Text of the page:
Commenting on Labour plans for vocational education, Dr Mary Bousted, Joint General Secretary of the National Education Union, said:
“The NEU agrees that we need to address how education gives adults and young people the skills and knowledge needed for the modern world.
“The removal of education maintenance allowances for 16-18-year-olds, university tuition fees that are among the highest in the world, and the ending of student maintenance grants, have denied many the opportunity to study for post-16 qualifications, and engage with further and higher education.
“We know that following years of devastating funding cuts to Further Education there is a huge lack of adult education provision in many areas of the country. FE is the main provider for non-university adult learners, including SEND young adults, ESOL for adults of all ages and adult returners, who come into FE to improve their English, maths and digital skills as well as to learn vocational skills.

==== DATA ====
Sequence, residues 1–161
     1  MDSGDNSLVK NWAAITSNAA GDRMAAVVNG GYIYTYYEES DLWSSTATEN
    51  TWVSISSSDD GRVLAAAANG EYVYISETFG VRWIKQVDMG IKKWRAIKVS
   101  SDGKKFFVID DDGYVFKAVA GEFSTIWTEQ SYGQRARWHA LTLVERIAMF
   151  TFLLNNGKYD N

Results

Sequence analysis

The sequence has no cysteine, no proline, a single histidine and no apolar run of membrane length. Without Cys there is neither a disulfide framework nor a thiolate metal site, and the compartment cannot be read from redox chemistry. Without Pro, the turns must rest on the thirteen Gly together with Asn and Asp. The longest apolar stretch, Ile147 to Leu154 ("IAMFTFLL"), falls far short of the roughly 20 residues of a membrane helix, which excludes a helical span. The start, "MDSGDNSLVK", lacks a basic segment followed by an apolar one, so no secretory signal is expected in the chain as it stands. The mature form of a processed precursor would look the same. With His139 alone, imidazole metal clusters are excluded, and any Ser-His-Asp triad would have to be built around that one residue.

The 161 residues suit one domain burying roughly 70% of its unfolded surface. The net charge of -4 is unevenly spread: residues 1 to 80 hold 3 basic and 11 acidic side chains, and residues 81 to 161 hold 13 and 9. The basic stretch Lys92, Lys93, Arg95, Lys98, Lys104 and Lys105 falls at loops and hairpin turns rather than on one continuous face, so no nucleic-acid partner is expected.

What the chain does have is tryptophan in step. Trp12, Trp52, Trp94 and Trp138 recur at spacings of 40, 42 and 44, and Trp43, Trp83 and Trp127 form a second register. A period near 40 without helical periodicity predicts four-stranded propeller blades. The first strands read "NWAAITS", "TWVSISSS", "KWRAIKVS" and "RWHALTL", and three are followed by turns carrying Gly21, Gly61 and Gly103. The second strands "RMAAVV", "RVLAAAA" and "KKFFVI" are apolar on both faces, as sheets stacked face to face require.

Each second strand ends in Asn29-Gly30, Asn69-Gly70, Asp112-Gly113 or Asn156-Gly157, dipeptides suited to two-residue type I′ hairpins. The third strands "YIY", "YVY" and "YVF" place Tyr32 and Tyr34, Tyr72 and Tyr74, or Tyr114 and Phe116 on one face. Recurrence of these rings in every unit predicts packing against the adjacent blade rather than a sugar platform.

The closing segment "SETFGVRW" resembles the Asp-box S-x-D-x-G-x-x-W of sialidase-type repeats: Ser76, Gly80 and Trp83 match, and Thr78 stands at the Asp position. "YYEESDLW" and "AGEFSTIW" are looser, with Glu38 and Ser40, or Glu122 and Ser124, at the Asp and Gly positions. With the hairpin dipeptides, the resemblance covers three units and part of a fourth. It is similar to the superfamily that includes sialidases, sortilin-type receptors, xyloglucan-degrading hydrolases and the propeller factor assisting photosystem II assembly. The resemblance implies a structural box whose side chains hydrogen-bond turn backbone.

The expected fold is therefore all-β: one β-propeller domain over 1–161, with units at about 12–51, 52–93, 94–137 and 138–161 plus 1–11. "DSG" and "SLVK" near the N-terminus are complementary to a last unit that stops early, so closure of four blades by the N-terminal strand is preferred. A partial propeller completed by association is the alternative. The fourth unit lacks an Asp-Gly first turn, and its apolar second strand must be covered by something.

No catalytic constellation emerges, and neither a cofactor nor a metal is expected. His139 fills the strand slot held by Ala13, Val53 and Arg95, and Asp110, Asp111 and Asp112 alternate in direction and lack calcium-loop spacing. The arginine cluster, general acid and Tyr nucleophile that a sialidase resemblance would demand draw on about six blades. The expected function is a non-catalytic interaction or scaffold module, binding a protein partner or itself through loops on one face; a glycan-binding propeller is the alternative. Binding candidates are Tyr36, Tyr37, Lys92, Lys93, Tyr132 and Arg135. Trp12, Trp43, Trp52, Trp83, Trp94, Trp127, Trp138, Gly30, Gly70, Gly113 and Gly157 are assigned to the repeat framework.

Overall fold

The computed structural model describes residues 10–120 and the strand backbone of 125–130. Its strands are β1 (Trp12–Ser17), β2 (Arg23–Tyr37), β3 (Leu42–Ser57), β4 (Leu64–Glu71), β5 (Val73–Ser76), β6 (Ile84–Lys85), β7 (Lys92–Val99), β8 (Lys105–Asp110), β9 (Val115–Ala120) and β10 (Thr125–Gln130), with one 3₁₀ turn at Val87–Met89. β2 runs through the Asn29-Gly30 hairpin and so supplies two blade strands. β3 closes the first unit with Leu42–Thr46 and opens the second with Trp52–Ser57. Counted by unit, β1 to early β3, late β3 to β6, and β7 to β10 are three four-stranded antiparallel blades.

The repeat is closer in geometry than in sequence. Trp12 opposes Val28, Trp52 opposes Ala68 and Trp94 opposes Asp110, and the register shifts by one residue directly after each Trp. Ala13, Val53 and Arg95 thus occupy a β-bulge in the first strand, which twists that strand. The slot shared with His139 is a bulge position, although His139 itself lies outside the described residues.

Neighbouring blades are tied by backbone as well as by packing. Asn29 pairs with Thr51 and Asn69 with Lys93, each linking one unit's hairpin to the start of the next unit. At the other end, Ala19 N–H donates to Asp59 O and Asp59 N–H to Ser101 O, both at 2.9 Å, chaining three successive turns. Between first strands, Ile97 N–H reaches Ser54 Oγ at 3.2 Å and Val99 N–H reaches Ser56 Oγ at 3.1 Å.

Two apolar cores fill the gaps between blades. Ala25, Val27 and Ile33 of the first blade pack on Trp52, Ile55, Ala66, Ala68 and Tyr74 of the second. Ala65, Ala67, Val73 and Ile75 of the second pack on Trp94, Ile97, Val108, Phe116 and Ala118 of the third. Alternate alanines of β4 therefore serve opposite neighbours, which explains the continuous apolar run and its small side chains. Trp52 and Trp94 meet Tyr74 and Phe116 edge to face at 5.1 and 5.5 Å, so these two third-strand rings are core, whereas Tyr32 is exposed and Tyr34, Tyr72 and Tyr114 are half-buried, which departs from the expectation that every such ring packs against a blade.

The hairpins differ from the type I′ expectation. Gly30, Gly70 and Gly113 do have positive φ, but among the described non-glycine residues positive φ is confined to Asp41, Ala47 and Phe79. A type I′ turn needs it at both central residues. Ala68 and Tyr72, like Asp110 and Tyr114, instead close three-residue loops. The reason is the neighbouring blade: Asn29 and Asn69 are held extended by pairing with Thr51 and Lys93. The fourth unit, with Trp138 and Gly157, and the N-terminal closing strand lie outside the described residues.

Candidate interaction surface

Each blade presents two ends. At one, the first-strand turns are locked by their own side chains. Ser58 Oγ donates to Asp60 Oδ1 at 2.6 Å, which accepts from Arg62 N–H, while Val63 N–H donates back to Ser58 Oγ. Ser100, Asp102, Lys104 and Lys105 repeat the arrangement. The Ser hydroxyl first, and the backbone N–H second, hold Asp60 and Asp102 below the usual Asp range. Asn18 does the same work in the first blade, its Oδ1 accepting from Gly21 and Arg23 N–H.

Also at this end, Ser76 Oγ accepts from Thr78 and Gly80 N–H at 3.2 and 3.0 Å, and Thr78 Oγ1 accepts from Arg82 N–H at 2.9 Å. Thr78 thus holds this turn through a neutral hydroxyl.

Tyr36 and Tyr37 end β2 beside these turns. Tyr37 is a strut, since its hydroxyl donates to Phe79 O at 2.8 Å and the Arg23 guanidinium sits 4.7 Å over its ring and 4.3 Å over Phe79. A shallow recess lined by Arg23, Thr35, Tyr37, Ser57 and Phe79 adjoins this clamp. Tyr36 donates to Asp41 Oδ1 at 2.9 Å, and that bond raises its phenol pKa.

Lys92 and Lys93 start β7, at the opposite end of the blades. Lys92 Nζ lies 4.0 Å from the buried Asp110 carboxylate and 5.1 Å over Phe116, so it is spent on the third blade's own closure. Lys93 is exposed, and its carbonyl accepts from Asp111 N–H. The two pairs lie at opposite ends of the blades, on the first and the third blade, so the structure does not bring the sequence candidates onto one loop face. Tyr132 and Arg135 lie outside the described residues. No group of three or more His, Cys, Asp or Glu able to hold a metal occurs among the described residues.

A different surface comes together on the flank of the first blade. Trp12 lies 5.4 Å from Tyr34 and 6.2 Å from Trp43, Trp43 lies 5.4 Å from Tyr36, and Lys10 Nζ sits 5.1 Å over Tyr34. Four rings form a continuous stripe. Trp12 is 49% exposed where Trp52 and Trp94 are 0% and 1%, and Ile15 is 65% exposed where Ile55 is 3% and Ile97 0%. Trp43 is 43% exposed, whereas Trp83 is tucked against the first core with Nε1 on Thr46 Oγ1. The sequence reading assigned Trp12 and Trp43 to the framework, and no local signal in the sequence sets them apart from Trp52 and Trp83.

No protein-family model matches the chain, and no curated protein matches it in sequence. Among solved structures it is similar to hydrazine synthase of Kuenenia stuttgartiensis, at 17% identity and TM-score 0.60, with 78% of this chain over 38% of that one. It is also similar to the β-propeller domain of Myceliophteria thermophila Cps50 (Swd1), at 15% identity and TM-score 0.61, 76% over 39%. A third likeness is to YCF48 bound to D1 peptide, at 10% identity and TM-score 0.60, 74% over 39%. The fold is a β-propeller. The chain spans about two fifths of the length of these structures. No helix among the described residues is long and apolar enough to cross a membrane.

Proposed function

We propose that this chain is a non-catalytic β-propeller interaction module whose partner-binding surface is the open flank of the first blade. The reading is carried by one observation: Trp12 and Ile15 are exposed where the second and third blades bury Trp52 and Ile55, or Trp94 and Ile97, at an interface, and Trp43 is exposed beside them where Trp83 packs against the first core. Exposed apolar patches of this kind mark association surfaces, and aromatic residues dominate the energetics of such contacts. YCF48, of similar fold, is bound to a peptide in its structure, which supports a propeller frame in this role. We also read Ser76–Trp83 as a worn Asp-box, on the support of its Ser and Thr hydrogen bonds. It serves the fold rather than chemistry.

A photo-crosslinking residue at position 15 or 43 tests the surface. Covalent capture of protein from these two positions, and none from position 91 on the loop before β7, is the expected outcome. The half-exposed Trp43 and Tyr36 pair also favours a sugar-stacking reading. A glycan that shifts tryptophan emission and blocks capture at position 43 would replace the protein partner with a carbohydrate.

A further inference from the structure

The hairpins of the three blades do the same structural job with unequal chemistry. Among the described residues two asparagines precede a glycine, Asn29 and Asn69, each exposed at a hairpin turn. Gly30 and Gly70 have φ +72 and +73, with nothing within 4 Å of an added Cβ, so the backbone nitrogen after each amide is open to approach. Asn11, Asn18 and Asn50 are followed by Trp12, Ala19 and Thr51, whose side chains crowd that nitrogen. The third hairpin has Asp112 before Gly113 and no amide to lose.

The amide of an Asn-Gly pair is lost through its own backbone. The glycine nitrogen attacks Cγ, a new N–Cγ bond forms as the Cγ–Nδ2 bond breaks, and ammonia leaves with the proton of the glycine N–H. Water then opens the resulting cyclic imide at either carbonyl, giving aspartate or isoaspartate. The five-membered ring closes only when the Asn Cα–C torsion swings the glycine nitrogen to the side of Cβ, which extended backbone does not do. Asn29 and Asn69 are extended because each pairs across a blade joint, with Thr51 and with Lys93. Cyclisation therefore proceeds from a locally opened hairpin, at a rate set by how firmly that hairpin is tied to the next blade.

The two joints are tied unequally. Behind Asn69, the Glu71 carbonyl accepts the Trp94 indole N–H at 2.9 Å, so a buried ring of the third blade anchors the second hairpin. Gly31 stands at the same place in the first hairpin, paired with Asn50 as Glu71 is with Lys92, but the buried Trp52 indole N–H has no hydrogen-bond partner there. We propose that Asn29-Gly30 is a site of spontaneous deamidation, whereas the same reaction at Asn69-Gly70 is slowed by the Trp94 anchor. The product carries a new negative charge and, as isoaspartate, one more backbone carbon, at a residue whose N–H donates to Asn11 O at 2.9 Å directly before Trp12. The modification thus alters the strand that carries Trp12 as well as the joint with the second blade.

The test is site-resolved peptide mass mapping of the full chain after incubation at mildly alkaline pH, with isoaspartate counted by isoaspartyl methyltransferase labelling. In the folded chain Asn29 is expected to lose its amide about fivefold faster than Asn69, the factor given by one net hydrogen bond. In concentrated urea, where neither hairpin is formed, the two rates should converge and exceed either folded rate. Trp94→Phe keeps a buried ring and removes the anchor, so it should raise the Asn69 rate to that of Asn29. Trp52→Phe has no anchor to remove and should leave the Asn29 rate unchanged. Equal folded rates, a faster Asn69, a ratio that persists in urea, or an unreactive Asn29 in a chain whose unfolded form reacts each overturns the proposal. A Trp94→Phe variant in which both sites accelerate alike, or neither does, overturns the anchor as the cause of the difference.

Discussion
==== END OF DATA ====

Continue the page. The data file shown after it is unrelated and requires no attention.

The current offer for students in secondary education and beyond is narrow and too focused on knowledge that is easy to test.
“Whilst knowledge is important, the wider skills that the OECD and businesses report we will need for the future are being restricted by current Government policy, particularly around the EBacc accountability measure, massive funding cuts to schools and colleges, and pressure built up by other accountability measures in the form of league tables and Ofsted.
“Education should foster creative thinking, develop communication skills and the ability to work with others. The next government and any future curriculum should look to address this.
“Learning should be a right for all, not a privilege for a few. Introducing free education at all stages of life – from the early years through to lifelong learning – is the right thing to do both for the rights of individuals and to reskill the economy to meet the challenges that lie ahead, particularly those posed by the climate emergency.”